Most of the fat in our bodies and in the food we eat is in the form of triglycerides. Elevated triglycerides in the blood have been positively linked to proneness to heart diseases, but these triglycerides do NOT come directly from dietary fats;they are made in the liver from any excess sugars that have not been used for energy.your body makes fat from carbohydrates. It works like this: The carbs you eat (particularly starches and sugar) are absorbed into your bloodstream as sugar. As your carb intake rises, so does your blood sugar. This causes your body to release the hormone insulin. Insulin's job is to return your blood sugar to normal, but it also signals your body to store fat. As a result, your liver starts converting excess blood sugar to triglycerides, or fat. The source of these excess sugars is any food containing carbohydrates, particularly refined sugar and white flour. Triglyceride levels increase with increasing intake of refined sugars, refined starches, sedentary lifestyle, and hard, non-essential fats. According to researcher John Yudkin, sugar consumption is one of the quickest ways to increase triglycerides because the body turns sugar into fats to protect itself from the toxic effects of excess sugar. Sugar increases oxidation damage, inhibits immune functions and interferes with the transport of vitamin C...all leading to dardiovascular and other degenerative diseases.

Fats have more than twice as many calories as carbohydrates, foods such as sugar, wheat, potatoes and fruits. Conventional wisdom says that reducing fats in the diet is essential for people who want to lose weigth. That sounds logical doesn't it? But its not true. In real life , eating fats helps you lose weight--but only if you make a deep cut in carbohydrates you eat Fats have more calories but fats satisfy your hunger four or five times as much as carbohydrates. Thats one of the several reasons why eating fats help people lose weight.

According to Udo Erasmus: 1. Fats are digested slowly and prevent hunger from recurring quickly. Protein and carbohydrates are digested in half as much time so overeating is encouraged. 2. EFAs increase metabolic rate and help mobilize and burn excess saturated fats. 3. The body loses the craving for food when its need for EFAs is satisfied. 4. A poor diet lacking essential substances fails to still hunger, leading to overeating and weight gain. 5. Contrary to popular opinion, not all fats make a body fat.Healthy fats can halt and even reverse many degenerative diseases such as: atherosclerosis, hypertension, allergies, cancer, skin conditions, yeast conditions, aging, arthritis, diabetes, asthma, obesity, and some addictions.Bad fats and sugar are responsible for most of the conditions listed above.

On contrary, today most of the fats in our diets are polyunsaurated, primarily from vegetable oils derived from soy, corn, safflower and canola. Modern diets contain as much as 30 % of calories as polyunsaturated oils, but this amount is far too hight. Excess consumption of these oils cause many health problems like : immune system dysfunction, damage to the liver, reproductive organs and lungs, digestive disorders etc.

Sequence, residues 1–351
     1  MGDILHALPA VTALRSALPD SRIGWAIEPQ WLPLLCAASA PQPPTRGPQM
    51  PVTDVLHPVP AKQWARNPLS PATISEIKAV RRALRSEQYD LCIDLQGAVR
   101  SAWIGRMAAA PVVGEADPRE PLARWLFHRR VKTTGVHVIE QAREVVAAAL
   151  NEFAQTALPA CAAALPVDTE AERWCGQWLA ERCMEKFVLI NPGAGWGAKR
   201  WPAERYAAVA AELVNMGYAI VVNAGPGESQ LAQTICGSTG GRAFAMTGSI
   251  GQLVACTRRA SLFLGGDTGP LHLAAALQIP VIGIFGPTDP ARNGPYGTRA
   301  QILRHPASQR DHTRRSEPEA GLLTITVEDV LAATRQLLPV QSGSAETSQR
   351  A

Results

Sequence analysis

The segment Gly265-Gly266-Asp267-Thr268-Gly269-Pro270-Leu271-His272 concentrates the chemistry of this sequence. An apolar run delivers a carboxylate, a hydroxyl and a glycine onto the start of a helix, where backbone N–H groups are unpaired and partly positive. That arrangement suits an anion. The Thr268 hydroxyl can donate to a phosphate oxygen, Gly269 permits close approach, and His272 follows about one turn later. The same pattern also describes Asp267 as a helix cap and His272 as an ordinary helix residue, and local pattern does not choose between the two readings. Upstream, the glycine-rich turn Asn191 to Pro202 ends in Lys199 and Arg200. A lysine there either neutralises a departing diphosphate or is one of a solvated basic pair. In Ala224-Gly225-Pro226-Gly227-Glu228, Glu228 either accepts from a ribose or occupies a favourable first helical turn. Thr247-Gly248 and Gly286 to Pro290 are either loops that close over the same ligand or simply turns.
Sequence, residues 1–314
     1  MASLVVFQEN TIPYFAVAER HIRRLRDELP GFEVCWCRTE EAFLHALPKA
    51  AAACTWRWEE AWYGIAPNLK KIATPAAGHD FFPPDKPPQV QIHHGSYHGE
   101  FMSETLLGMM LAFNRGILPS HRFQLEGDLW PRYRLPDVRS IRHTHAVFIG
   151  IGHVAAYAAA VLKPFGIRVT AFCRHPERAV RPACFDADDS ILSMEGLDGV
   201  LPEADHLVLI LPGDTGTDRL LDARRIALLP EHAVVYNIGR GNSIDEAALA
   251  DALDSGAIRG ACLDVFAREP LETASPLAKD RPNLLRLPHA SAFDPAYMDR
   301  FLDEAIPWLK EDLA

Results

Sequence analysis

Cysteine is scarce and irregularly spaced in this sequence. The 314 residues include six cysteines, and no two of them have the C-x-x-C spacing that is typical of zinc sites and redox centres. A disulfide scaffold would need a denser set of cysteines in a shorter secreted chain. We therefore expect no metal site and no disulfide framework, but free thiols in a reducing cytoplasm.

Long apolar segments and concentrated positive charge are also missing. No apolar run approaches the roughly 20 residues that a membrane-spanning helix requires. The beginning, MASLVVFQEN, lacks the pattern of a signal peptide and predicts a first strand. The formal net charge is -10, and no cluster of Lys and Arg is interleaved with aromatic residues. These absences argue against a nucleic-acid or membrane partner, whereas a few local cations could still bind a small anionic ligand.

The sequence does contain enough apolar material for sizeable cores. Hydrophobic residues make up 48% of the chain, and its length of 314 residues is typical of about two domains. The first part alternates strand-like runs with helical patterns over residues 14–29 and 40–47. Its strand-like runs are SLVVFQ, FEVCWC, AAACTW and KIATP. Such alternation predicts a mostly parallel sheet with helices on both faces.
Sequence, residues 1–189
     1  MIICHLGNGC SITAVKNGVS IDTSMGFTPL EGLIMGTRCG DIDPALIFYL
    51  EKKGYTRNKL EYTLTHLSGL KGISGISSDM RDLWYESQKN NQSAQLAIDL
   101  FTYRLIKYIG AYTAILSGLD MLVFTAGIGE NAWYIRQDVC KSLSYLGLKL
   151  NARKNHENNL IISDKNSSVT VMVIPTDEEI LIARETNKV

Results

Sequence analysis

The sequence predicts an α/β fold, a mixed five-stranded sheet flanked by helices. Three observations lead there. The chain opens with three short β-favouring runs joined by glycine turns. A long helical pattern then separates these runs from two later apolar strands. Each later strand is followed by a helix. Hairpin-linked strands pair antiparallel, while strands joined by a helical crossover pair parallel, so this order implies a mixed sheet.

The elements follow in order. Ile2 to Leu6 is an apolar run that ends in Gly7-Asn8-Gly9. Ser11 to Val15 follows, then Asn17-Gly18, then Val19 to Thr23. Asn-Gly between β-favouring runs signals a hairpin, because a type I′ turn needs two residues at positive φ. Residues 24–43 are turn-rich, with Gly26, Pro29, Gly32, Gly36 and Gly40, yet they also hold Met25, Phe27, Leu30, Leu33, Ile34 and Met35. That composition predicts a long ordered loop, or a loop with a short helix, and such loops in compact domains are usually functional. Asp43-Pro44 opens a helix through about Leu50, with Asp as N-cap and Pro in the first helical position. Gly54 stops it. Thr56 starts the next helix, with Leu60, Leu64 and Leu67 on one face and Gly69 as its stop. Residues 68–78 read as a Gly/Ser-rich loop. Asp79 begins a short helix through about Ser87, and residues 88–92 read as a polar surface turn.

Hopefully these facts and finding help you in making a better choice for you and your percious family.

Be Nourished!!!

Tuesday, December 11, 2007

Whole Grains : 4 - Sprouted Grain Puttu

I know the name sounds like a combination of latest health fad and traditional favorite. It sounds so because it is so :)) Anyways, this is my mom's recipe. The procedure seems long but its not tedious. But if you make enough of it, should last a while. Well, I don't mind waiting long time if it is so good for health. Especially, if its four different grains which are sprouted should be healthy for your body.
The four different grains she used in this recipe are : Ragi, Jowar, Bajra, Wheat. All the four grains are taken in equal proportions soaked overnight and sprouted till the shoots show off but not long enough. In India there is enough of sunshine to dry off the sprouted grains, But here, I usually use a dehydrator to dry or spread the grains on cookie sheets and place them in a oven and set at its lowest temperature. It would normally be 170 f or 200 f . Keep stirring once in a while to prevent the grain from burning on one side. It might take around 12 hrs, But don't worry it doesn't use up a lot of electricity. Once the grains are dry, you can store them in a air tight container and just run enough grains in a mixer or blender to make puttu every time you do it or you can make flour all at one time and freeze the flour or else it might get rancid quickly. My mom made this primarily as my son's weaning food, last year. But we eventually ended up using for all of us , because it is so healthy.

4 - Sprouted Grain Puttu with coconut and Rapadura

You can use this 4 sprouted grain flour to make a thin porridge like Ragi Malt by Indira of Mahanandi or into Puttu by Priya of Priya's Kitchen. Also you can add or omit any grain and use any proportions. Just use your imagination to make different combinations of grains. I one time used spelt and rye instead of wheat. I usually make a lot of flour ahead and freeze it in ziploc bags. Then I just use the flour straight from the freezer. Also I never tried eating puttu with kadala curry, the way Keralites eat. But while growing up, I was used to the sweet version of puttu with jagery and coconut. Now I add Rapadura by Rapunzel , which is nothing but jagery in powder form but organic. My husband usually likes to eat it with milk like a cereal, but me and my tot like to eat it just like that with little ghee.